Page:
A colour scheme from the 1990s. Which is why is was so fitting to take this shot on a somewhat niche older film. Coles Express in Australia is a bit of a roadside icon. I just like the look of the 1990s vintage colours and layout, nothing in them has changed since I was growing up. I grabbed this shot on a spring photowalk in Gawler in 2018.
The Coles Express brand originally referred to a small number of medium-sized supermarkets Coles ran in the central business districts of Melbourne, Sydney and Brisbane.
With the launch of Coles’ fuel offer, these were rebranded as Coles Central with the service stations taking the Coles Express branding.
The current Coles Express chain began at more than 150 service stations in Victoria on 28 July 2003. After this initial trial, it was followed by a national roll-out from 1 December the same year, starting with New South Wales, and completed in mid-2004. The initial success of the discount offer saw fuel shortages in Victoria after the offer began in New South Wales – where Shell’s busiest sites are located – as Shell failed to cope with the distribution of a 30 percent increase in demand.
As at July 2021, there were 723 Coles Express service stations and stand-alone convenience sites across Australia. All former Shell multi-site franchisee sites became Coles Express stores.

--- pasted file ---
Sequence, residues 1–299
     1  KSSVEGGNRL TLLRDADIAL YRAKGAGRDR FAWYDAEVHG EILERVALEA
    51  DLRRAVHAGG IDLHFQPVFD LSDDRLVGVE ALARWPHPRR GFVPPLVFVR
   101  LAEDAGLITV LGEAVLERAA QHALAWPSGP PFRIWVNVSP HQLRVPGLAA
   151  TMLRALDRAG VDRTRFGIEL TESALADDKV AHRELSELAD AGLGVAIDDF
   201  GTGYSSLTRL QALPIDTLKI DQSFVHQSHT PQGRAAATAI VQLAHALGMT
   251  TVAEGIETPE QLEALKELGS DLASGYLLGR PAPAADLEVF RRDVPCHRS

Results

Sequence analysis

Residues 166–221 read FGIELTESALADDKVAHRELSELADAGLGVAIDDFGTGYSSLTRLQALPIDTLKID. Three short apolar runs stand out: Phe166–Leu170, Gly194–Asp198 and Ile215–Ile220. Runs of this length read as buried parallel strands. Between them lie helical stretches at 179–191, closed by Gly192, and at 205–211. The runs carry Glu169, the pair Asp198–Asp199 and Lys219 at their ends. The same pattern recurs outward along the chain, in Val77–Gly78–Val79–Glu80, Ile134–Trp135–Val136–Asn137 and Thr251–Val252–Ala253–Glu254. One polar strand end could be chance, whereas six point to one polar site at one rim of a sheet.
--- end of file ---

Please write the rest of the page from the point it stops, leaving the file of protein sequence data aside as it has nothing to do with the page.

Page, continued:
I don’t normally like to shoot Kodak Ektar. I can get a very similar result when shooting Portra 160 and then boosting the saturation a bit. Kodak Ektar is more of a slide film look, but makes things easy with a wider dynamic range.
The Film: Kodak Ektar
Kodak Ektar started as a colour 35mm and 120 semi-professional film introduced by Kodak in 1989, which used the common C-41 process. It was designed to offer ultra-fine grain. It was manufactured in 25, 100 and 1000 ISO formats. 400 speed film was available until 1997. Poor market segmentation was cited as a factor in Kodak’s decision to discontinue Ektar in 1994.
But then…in 2008 it came back!
A new film was introduced in September 2008 under the name Kodak EKTAR 100, which claims to be the finest-grain color negative film with high saturation and vivid colors available on the market. The film was initially only offered in 35mm, but later the film offering was expanded to include 120 size film, then 4×5 and 8×10 sheet sizes in 2010.
For some spring/summer walkabout fun. Ektar is a good choice.